Revision 21-2; Effective November 8, 2021

Measurable: Calculations are made to determine progress on implementation strategy.

Example: Johnny will use a walker. (Based on the PDP, which reflects that it is important to Johnny to be able to go from place to place without assistance.)

Staff Documentation: Johnny used his walker to go a total of 25 feet this afternoon.

Note: When using data sheets for measuring progress, be sure that the criteria does not “lock” the individual into a perpetual loop. The individual should be provided with the adequate support to reach their desired outcomes and strategies should be adjusted to assist the individual to do so. When success is not occurring, staff should note their observations on the data sheet and the program provider should assess whether the strategies remain effective.

Example: Staff documented that Johnny does not appear to be motivated to use his walker inside the house. However, Johnny expressed to staff that he enjoys checking the mailbox at the end of the driveway. Staff observed that he consistently uses his walker when he is provided the opportunity to complete this task.

 

7330 Example of Documenting Outcome Oriented Strategies

Revision 21-2; Effective November 8, 2021

Outcome Oriented: Progress is defined by occurrence of an event identified in the implementation strategy.

Example: Johnny wants to participate in the annual cancer research walk/run. (Based on the PDP, which indicated that Johnny’s sister died from cancer, he wants to help raise money for the cause.)

Staff Documentation: Staff took Johnny to the American Cancer Society today so that he could sign up to participate in the annual cancer research walk/run.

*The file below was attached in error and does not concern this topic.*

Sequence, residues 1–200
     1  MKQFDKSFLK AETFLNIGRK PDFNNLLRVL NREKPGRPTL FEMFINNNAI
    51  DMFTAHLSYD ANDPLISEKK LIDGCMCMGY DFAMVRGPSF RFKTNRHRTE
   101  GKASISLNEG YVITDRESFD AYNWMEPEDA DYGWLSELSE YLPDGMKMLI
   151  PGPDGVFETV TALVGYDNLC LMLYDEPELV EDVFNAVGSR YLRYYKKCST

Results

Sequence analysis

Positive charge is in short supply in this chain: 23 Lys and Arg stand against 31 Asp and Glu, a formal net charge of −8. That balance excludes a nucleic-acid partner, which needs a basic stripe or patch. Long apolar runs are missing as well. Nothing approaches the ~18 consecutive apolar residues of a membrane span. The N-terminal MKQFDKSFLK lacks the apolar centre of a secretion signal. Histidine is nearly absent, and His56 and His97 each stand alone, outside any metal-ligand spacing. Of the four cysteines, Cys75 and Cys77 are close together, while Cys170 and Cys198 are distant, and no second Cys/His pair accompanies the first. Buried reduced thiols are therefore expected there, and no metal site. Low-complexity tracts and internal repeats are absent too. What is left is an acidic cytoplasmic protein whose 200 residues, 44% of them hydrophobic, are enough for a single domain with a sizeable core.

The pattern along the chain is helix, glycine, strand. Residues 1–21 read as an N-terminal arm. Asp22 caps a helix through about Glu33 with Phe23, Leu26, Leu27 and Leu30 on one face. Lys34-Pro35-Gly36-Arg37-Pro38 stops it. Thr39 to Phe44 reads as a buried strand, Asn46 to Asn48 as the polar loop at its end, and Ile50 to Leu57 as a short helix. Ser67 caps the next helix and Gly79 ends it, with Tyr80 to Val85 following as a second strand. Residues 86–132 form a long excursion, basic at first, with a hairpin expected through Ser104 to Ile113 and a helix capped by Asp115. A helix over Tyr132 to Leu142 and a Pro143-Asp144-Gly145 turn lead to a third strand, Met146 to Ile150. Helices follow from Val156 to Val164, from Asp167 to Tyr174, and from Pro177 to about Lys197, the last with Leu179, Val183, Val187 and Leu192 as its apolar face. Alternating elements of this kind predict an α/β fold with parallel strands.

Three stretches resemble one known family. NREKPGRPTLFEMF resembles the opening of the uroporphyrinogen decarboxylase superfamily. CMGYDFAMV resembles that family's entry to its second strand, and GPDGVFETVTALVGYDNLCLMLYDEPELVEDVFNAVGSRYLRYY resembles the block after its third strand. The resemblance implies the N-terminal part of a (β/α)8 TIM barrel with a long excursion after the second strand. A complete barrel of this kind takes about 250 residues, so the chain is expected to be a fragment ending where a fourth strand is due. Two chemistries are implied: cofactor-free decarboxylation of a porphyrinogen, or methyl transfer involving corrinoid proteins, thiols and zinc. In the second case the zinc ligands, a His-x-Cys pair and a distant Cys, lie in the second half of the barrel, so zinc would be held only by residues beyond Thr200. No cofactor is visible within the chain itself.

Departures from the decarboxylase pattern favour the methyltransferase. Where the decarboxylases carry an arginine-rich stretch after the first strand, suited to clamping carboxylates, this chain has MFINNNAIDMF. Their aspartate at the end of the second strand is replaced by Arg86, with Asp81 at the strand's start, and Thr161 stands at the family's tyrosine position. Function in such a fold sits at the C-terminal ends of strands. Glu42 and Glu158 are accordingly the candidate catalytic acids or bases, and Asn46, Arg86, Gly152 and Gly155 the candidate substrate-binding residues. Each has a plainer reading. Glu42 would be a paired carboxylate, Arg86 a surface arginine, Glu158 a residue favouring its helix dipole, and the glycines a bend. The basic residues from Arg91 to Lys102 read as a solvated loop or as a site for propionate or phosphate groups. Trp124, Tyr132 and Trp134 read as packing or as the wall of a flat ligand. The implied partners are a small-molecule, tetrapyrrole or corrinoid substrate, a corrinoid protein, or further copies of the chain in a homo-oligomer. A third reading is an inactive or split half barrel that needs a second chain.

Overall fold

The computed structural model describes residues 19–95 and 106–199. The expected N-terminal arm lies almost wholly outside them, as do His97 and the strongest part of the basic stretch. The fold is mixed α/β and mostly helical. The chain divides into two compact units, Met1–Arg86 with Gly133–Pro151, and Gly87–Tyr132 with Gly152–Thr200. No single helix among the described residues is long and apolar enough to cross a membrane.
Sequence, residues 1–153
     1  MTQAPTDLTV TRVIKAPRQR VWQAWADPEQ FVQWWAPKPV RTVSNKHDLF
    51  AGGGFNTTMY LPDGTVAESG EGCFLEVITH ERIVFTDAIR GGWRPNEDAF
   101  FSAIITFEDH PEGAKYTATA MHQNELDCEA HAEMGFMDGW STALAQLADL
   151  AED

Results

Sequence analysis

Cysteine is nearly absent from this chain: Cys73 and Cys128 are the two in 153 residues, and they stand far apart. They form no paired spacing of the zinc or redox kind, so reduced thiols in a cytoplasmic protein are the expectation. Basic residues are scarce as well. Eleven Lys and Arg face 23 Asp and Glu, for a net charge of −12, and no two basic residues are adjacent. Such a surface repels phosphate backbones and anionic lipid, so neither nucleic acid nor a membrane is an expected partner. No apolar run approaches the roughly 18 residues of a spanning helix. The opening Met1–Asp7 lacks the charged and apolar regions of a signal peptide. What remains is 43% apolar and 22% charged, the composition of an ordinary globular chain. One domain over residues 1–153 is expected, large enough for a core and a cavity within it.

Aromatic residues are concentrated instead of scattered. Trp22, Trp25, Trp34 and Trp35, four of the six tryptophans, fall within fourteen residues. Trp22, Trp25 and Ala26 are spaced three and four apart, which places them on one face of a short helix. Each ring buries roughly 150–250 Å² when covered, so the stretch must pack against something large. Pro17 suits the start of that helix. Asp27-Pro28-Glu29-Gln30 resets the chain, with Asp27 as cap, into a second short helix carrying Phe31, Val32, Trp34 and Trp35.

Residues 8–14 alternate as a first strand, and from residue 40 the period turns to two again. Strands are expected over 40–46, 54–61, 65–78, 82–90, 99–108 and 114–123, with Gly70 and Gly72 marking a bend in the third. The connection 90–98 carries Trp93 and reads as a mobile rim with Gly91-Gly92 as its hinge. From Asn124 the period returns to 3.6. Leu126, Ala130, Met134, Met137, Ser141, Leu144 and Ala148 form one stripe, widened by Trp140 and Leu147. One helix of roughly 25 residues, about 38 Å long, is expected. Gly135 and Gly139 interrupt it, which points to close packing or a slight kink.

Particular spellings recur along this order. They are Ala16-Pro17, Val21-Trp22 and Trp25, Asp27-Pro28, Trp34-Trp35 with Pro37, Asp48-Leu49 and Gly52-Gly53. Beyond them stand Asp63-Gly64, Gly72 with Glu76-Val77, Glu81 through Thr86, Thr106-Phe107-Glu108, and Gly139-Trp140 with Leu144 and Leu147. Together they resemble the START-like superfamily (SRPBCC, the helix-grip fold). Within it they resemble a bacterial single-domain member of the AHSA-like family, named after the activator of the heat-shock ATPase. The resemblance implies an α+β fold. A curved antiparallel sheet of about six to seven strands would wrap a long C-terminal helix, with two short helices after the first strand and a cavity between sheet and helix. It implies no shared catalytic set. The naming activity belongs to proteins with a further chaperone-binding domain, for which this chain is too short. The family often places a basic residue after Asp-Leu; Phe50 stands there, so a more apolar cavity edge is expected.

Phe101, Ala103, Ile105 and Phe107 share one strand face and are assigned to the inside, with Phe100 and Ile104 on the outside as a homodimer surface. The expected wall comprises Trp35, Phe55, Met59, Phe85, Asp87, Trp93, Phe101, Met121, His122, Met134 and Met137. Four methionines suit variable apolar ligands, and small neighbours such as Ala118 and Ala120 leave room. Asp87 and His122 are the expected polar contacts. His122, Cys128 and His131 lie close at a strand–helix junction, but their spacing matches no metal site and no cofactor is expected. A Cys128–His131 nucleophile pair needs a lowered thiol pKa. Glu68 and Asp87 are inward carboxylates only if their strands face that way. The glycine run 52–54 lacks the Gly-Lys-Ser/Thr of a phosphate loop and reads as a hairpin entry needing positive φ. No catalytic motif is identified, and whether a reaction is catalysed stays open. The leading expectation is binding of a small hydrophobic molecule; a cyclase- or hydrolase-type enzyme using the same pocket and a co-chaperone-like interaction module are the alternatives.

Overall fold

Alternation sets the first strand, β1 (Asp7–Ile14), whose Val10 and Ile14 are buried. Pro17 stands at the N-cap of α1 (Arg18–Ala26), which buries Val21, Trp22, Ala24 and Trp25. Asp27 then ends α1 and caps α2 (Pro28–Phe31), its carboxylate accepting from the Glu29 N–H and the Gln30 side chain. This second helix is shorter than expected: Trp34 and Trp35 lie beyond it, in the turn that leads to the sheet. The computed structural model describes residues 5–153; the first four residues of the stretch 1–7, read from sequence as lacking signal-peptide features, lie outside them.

7400, Revising the Implementation Plan

Revision 21-2; Effective November 8, 2021

The program provider is expected to routinely review the services provided to an individual and share information regarding progress or lack of progress on the implementation strategies with the individual and the individual’s LAR, if applicable. Lack of progress on an implementation strategy indicates that the strategy needs to be reviewed to determine if revision is warranted.

The HCS program provider revises an individual's IP whenever there is a change in the outcomes identified in the PDP, or when changes in implementation strategies, or frequency or duration of HCS program services are needed.

7500, Service Backup Plan

Revision 21-2; Effective November 8, 2021

A program provider must develop a written backup plan for each waiver service identified on the PDP as critical to meeting an individual’s health and safety. HCS program providers may use Form 1742, Service Backup Plan for HCS, TxHmL and CFC Services, to develop a service backup plan or may use their own documentation that includes the required elements of a service backup plan. A backup plan must:

  • contain the name of the critical service;
  • specify the period of time in which an interruption to the critical service would result in an adverse effect to the individual’s health or safety; and
  • describe the actions the program provider will take to ensure the individual’s health and safety in the event of an interruption to the critical service.

If a backup plan is implemented, the program provider must document whether the plan was effective. If the program provider determines the plan was ineffective, the program provider must revise the plan.

Note: Because HCS program providers must ensure that trained and qualified staff are available at all times for the provision of residential support and supervised living, a backup plan is not needed for these services. Backup plans for host home/companion care service must be documented in the service agreement the host home/companion care provider has with the HCS program provider.